MOTEL: That's true. *CLOSE* *OPEN* TEVYE: Amen. (Said it singing) GOLDE: Amen. A man sends you a message, at least talk to him! TEVYE: I don't want to... GOLDE: Talk to him! TEVYE: All right! After the Sabbath, Ill talk to him! MOTEL: All right, I'll talk to him. TEVYE: Well, it's getting late. Where is everybody? TZEITEL: I don't know, Papa.

TEVYE: Children, come down! We are lighting the candles. MOTEL: Tevye... TEVYE: Not now, Motel.

TEVYE: Hurry up, children! Hurry up! MOTEL: Tevye... TEVYE: Not now! TEVYE: Golde! Golde, the sun is almost down. MOTEL: Tevye. TEVYE: What is it? ! MOTEL: Er... Reb Tevye. TEVYE: Yes. MOTEL: Reb Tevye. TEVYE: Yes? Yes? MOTEL: I er... - Yes... TEVYE: Well, Motel, what is it? MOTEL: Good Sabbath, Reb Tevye. TEVYE: Good Sabbath. Good Sabbath. Hurry up. GOLDE: Hurry, children, hurry. It's getting late. (Sabbath Prayer) (Mothers and Fathers) *CLOSE* *OPEN* TEVYE: Is Reb Lazar Wolf at home? Is Reb Lazar Wolf at home? LADY: He's in the back.

TEVYE: May I er... ? Hmm? LADY: Come in.

TEVYE: And all this from killing innocent animals? LADY: Don't touch anything.

LAZAR: Well, Tevye! You're here. Well, sit down, sit down. TEVYE: Thank you, thank you. LAZAR: Have a drink. TEVYE: I won't insult you by saying no. LAZAR: How goes it with you, Reb Tevye? TEVYE: How should it go?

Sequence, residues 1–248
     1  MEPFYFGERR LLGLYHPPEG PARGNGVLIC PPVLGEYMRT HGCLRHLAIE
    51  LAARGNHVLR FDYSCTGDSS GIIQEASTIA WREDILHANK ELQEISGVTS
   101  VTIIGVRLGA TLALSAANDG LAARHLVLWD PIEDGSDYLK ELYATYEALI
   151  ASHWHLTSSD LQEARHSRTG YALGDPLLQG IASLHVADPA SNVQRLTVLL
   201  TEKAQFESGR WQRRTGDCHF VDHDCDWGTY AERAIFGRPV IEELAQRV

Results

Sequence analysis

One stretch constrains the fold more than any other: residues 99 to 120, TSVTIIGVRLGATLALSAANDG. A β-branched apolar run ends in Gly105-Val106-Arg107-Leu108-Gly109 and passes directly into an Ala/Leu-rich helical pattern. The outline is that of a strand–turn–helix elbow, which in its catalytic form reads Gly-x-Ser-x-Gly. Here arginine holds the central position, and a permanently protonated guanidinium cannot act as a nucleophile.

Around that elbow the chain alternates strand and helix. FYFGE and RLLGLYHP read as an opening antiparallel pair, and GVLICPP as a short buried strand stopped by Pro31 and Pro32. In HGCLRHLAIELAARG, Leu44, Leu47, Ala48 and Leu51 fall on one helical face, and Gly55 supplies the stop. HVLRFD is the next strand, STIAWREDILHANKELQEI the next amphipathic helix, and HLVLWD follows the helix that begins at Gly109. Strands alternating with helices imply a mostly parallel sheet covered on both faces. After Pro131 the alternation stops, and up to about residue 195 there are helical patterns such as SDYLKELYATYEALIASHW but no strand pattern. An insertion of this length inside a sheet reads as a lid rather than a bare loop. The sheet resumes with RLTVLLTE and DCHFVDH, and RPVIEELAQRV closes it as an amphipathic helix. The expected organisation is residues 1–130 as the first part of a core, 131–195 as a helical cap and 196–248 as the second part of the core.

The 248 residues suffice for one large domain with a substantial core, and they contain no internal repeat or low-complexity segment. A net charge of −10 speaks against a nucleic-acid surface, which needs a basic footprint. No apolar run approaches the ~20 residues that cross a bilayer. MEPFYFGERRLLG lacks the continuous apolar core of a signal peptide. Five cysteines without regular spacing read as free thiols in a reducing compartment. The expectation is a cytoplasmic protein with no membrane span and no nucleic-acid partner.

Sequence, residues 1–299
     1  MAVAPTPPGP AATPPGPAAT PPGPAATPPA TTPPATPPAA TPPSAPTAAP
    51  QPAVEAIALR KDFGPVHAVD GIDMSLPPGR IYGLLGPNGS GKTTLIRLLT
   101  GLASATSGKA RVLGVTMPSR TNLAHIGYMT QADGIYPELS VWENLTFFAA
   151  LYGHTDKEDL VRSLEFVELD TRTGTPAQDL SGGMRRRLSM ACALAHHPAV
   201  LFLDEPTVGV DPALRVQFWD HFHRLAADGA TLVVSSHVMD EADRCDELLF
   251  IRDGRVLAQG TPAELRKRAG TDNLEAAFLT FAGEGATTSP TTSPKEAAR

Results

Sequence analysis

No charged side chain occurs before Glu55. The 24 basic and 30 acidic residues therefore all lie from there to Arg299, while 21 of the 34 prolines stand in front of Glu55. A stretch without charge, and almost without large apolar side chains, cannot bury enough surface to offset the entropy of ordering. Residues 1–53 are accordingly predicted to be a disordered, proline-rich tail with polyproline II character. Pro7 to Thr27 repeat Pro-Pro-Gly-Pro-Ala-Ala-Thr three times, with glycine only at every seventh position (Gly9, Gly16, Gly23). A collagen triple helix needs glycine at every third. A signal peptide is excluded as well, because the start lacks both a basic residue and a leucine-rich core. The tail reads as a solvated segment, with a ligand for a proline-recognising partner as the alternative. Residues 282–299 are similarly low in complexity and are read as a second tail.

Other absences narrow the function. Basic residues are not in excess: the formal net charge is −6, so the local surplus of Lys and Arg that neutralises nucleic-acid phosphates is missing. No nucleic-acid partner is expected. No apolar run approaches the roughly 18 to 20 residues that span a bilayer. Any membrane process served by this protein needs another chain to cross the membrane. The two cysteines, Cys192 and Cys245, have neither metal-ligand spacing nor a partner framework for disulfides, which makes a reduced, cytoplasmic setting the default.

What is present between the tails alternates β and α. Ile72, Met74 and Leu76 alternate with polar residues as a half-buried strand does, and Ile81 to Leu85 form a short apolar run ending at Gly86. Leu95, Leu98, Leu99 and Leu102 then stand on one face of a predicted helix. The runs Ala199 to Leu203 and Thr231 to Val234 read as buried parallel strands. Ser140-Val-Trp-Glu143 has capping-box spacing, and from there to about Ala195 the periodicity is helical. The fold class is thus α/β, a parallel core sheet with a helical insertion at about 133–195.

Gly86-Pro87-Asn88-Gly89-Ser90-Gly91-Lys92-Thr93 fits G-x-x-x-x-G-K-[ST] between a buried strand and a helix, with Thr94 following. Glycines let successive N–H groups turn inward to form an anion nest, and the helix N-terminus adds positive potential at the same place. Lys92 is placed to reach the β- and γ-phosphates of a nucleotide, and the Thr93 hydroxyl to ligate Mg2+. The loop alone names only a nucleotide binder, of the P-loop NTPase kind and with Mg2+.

LAZAR: You're right. TEVYE: And you? LAZAR: The same. TEVYE: I'm sorry to hear that. LAZAR: Er... How is your erbrother-in-law... in America? TEVYE: He's doing very well. LAZAR: He wrote you? TEVYE: No, not lately. LAZAR: How do you know? TEVYE: Ah, if he was doing badly, he would write. LAZAR: Ah! Ah. Tevye,... TEVYE: Yeah? LAZAR: I suppose you know why I wanted to see you. TEVYE: Oh, yes, I do. But er... There is no use talking about it. LAZAR: Tevye, I understand how you feel. But er... After all, you have a few more without her. TEVYE: Ah, I see. Today you want one. Tomorrow you may want two. LAZAR: Two? What... What would I do with two? TEVYE: The same as you do with one. LAZAR: Er... Tevye. This is very important to me. TEVYE: Why is it so important to you? LAZAR: Frankly, because I'm lonely. TEVYE: Lonely? Reb Lazar, what are you talking about? How can a little cow keep you company? LAZAR: Little cow? Is that what you call her? TEVYE: But that's what she is! LAZAR: What are you talking about? Don't you know? TEVYE: Of course I know! We are talking about my new milk cow. The one you want to buy from me. LAZAR: A milk cow! A milk cow so I won't be lonely? I'm talk... I'm talking about your daughter. Your daughter Tzeitel. TEVYE: My daughter Tzeitel?